Afghan dam and hydro project attacked by Taliban

Afghanistan map

The 42-MW Afghan-India Friendship Dam has been the target of attacks by the Taliban in recent days, and some reports indicate the Taliban may have taken control of the dam, which is typically guarded by a force of several hundred security workers.

Multiple news agencies are reporting that Afghan-India Friendship Dam (formerly called Salma Dam), which provides power and water to the country, has been targeted several times in Taliban attacks. An unnamed source identified only as a security guard has reported that about 10 missiles have been fired at or around the facility.

The dam is on the Harirud River in in Chishti Sharif District of Herat Province, western Afghanistan. It was inaugurated in June 2016 and cost US$300 million to build.

Salma Dam is an earth rockfill embankment dam, which creates a 433,999 acre-feet reservoir. The reservoir is used to help irrigate 75,000 hectares of farmland, provide water supply and other benefits to Afghanistan. It was developed and implemented by Water and Power Consultancy Services (India) Ltd. (WAPCOS). The dam began impounding water in July 2015.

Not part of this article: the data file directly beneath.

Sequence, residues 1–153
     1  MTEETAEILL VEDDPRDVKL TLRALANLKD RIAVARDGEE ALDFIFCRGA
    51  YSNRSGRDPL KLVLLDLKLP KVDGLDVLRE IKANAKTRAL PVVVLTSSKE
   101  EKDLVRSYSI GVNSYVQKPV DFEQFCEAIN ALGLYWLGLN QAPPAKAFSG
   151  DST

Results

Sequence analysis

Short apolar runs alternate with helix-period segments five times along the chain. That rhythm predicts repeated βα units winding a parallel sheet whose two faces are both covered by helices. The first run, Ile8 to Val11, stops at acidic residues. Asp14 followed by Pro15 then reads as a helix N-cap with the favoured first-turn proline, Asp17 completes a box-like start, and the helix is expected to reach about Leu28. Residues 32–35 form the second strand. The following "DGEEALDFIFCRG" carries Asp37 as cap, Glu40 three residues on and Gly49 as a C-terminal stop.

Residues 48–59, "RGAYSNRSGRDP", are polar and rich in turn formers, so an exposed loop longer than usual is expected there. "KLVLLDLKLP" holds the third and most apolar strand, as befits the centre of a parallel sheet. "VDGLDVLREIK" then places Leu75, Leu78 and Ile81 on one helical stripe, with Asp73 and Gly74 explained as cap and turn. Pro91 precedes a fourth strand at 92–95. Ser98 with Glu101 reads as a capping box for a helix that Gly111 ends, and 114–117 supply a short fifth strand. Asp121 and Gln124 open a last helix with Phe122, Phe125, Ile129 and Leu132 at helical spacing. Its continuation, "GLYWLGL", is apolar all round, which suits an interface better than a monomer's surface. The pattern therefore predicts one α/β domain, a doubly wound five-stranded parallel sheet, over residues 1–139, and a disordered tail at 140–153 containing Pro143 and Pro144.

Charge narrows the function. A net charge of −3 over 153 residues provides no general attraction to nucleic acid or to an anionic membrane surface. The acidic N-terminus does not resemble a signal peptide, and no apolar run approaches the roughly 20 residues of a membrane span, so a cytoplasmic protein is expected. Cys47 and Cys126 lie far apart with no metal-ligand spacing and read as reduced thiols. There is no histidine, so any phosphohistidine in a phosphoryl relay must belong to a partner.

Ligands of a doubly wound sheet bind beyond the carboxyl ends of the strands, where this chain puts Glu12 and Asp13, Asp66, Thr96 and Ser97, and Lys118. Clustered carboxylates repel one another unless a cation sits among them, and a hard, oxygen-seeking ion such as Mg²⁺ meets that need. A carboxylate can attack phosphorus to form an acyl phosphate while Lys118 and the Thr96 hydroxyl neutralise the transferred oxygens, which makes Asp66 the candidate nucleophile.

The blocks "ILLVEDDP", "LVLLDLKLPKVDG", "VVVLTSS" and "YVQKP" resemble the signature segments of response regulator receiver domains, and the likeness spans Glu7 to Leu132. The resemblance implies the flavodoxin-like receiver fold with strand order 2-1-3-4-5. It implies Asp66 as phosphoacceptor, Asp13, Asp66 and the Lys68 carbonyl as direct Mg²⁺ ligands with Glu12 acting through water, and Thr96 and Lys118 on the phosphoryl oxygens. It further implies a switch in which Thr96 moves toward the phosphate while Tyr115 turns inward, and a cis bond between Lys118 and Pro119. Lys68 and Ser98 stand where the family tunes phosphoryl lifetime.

Why was the dam targeted? The theory is that because Afghanistan’s economy relies heavily on agriculture, dams and water infrastructure are critical. In fact, the World Bank said about 70% of the country’s citizens live and work in rural areas and depend upon agriculture. If the Taliban can control the dams, they can control the local population.

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Elizabeth Ingram is content director for the Hydro Review website and HYDROVISION International. She has more than 17 years of experience with the hydroelectric power industry. Follow her on Twitter @ElizabethIngra4 .

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